Write What You Know...But Be Warned
There's been a lot of debate about this lately, with one faction claiming that the idea of NOT writing what you know panics people for two reasons. First, writers have been encouraged, explicitly or implicitly, for as long as they can remember, to write what they know, so the prospect of abandoning that approach now is disorienting. Second, a great many of us know an awful lot.
I'm not here to tell you what to do - or not do - but to tell you what I do and some possible consequences. I write what I know. Most of my characters, their characteristics, their motivations, are lifted (in part) from people I know or have met in the course of my travels. I feel I can paint a more realistic story by using these core character elements and molding certain features where I need to.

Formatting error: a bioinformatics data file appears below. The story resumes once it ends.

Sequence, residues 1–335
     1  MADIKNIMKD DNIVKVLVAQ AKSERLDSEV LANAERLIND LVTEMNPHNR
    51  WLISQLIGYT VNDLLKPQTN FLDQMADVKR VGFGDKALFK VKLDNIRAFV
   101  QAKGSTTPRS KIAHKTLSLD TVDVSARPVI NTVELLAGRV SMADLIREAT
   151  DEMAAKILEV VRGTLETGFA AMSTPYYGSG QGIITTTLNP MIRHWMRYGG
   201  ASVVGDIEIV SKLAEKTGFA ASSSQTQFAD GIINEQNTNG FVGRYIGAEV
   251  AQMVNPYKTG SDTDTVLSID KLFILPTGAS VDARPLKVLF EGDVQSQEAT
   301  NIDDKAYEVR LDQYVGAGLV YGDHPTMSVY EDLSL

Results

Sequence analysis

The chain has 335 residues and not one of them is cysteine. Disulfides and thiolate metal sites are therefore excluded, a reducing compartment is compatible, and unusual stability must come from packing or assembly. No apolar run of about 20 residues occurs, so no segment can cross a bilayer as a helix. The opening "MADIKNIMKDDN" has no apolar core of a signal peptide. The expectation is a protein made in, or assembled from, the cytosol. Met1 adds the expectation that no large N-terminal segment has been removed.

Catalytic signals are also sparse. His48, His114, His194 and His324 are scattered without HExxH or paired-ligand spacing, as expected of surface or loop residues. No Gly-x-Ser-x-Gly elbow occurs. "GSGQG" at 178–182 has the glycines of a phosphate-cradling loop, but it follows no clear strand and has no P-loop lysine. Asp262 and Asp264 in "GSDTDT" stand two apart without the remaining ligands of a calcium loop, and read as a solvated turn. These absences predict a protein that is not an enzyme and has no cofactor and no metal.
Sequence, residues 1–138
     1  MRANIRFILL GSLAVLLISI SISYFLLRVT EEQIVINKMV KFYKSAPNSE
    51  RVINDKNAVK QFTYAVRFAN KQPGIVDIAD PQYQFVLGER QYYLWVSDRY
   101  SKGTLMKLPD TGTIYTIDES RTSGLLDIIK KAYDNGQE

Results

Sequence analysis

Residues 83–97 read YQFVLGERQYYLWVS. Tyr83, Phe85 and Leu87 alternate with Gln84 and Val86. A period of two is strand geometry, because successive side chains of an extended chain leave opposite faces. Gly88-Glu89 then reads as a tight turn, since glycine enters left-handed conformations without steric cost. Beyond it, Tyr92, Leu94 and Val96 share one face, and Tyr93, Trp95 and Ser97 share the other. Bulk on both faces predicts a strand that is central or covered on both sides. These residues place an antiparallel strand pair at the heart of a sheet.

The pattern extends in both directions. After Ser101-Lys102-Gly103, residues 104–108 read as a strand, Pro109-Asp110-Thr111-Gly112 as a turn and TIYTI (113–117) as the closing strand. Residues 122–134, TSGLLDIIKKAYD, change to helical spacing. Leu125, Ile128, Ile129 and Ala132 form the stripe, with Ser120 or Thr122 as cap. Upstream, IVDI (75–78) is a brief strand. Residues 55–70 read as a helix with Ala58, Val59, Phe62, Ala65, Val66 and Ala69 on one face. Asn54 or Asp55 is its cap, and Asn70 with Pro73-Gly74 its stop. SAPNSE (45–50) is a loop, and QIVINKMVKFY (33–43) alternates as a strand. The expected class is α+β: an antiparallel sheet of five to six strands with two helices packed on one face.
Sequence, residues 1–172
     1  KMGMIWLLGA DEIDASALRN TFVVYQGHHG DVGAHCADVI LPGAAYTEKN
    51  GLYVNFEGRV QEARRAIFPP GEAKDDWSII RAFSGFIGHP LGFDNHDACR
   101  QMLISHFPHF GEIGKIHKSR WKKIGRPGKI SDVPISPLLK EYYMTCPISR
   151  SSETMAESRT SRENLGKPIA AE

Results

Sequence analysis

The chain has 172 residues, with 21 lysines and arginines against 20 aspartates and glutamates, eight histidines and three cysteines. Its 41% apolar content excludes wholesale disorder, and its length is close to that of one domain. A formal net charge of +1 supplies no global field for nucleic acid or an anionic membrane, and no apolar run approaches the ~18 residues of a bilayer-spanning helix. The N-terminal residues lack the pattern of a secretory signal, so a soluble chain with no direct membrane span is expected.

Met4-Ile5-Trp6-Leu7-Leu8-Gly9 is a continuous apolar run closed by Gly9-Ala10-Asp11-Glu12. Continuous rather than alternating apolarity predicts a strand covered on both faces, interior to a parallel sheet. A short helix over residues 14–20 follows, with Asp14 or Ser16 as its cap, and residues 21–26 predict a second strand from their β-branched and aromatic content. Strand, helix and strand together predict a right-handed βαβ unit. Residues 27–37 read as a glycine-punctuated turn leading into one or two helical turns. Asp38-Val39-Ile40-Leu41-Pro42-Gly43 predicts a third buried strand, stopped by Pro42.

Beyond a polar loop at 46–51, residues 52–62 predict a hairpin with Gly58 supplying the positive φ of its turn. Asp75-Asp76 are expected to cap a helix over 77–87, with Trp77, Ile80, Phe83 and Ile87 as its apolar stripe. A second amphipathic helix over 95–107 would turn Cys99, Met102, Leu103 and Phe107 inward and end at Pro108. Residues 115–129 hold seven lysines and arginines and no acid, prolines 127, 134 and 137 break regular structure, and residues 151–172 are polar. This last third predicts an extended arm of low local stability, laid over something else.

But you should be warned, if you do like I do and commonly use friends and family as first draft readers, then it is likely that you could accidentally piss one of them off. This particular reader pool can and will easily pick up on traits you've borrowed from a shared acquaintance and try and match them to their respective owners - which sometimes are themselves. When that happens accidental transference can take place. I've experienced it. You could be using a moral stance, or an ethical quandary, one that is totally imaginary, and a reader could see it as your interpretation -- mistakenly -- of a belief of theirs and feelings can get hurt. Most of the time its out of your control because the people involved rarely tell you how they feel. Heck -- even when you are describing them in the most honest way you can, that person might still not like what he see's in your mirror.
Just some food for thought. If one of those inner-reading circle people stops returning your calls suddenly, maybe you should take a closer look at your manuscript. :)